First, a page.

The first Noise Studio at the Old Bank- moving out day.

At the Noise Studio we have our full electronics setup for building circuits and machines, a large space for testing installation ideas, performing, playing and making noise. This space is a really messy hands on making space. We also host workshops from our studio space for people to learn about electronics and build our noise machine light theremin kits. Last year I hardly went to the studio. I am missing this space and the connection of seeing other people around the studios, the chance encounters and improvisation and play. The spaces we occupy inform and sculpt the work we make, the ritual journeys of going to a location to create, be loud or be quiet is a little lost at the moment with the blurring boundaries of lockdown living and work environments. On connecting with others …

ANU Autonomous Noise Unit

Our most recent Noise Orchestra project has been working on ANU – autonomous noise unit, a new project to develop technology to help musicians play together online. ANU is a hardware unit that runs Jacktrip software on a Raspberry Pi microcontroller, musicians who have an ANU unit can easily patch in with their instrument or mic, find other ANU users and improvise live over the internet via our NOISE SERVER. Think of it like a rehearsal room online.

prototype ANU unit

The project was borne out of the pandemic situation, testing out available online tools for networked jamming and finding a mix of latency issues and not so great audio quality through the well known videochat services. The best open source software out there Jacktrip (developed at Stanford) whilst providing the best audio solution was proving to be a difficult interface and setup for beginners to get started. The research and development was therefore to explore how Jacktrip software could be used on a small hardware module with an easy interface for beginners, where musicians could simply plug in and play music together online. For the visual design ANU – god of the skies, we wanted to communicate ideas of transmission, summoning up ancient ritual noise fragments and communing with others across the network.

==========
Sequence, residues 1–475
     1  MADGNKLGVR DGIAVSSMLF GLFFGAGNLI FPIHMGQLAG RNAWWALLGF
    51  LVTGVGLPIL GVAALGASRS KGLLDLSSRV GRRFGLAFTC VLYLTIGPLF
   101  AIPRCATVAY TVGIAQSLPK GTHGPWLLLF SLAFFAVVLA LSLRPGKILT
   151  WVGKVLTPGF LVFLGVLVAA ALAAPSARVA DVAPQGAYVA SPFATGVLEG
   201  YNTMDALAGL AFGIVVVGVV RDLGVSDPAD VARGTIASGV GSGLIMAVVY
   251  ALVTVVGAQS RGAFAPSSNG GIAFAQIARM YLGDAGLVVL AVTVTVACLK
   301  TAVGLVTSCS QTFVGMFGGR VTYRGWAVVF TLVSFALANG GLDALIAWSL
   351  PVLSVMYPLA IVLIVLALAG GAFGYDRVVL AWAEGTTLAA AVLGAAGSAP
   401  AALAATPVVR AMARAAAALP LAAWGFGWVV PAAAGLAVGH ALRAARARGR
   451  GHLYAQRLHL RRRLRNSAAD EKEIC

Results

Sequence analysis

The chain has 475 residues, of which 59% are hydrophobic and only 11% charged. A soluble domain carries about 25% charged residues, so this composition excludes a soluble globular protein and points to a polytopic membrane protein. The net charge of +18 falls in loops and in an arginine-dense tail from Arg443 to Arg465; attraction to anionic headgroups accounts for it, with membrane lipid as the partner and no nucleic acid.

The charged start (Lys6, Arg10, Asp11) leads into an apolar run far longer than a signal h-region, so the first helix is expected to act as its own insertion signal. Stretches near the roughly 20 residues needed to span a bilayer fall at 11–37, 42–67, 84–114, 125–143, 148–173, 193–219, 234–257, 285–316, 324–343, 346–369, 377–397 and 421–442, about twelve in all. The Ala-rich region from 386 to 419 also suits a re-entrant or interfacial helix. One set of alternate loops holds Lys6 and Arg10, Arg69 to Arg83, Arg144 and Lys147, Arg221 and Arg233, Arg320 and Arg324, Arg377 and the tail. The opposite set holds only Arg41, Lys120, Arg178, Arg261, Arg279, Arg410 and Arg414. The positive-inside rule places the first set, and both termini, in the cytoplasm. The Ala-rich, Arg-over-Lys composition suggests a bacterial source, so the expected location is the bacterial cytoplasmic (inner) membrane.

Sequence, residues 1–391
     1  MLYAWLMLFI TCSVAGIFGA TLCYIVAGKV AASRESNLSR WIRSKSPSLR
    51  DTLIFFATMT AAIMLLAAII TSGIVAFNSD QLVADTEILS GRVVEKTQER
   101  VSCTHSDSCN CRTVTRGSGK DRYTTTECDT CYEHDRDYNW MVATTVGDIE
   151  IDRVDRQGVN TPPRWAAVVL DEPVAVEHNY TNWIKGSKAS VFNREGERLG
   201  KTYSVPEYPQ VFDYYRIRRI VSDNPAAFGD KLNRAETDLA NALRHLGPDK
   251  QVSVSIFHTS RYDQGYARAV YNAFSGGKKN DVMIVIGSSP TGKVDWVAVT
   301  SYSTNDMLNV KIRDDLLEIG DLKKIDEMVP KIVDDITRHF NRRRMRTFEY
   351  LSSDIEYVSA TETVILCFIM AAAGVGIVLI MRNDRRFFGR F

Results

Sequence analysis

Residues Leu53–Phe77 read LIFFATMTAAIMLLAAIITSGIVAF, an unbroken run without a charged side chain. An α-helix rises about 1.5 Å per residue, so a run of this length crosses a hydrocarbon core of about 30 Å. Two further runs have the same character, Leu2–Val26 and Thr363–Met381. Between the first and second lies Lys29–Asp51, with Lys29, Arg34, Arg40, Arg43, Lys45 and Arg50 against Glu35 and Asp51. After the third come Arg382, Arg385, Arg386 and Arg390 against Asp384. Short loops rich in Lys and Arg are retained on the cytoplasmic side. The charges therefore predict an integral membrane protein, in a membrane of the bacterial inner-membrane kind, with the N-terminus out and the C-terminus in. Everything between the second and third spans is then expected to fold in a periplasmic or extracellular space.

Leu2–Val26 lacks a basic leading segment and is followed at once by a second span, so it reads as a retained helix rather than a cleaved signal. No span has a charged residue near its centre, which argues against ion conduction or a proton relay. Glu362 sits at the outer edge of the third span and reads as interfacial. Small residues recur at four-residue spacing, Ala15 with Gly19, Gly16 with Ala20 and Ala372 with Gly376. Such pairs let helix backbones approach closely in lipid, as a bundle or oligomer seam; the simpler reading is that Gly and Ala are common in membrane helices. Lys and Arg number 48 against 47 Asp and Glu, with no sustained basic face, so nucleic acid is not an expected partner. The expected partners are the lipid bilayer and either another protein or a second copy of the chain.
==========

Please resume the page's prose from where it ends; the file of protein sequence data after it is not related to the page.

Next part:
ANU god of the skies narrative

The website platform provides an introduction to the project, a technical ‘how to’ guide and signal flow approach plus frequently asked questions. Importantly musicians can create their own login profile and the server automatically saves the audio file of the recorded sessions for archive and playback. The platform represents the first phase in development and we are continuing live jam tests across the UK, Europe and further afield, it’s been fascinating to test these geographical potentials. The internet as a space for improvisation is fertile ground for experimentation, bringing into question how we collaborate, perceive and communicate within this dimension and what that means for the players and the listeners within networked time based media. We intend to progress the project with more groups and testing and further technical developments including hosting a listen back page on the website, where previous jams can be livestreamed and played back. Visit the ANU website to learn more about the project, or our Noise Orchestra Blog to read about the technical development stages.

signal flow diagram

Maybe there is a way to connect through ANU with new people through this making space residency … Manchester to St Petersburg (they are twin cities after all, but more on that later).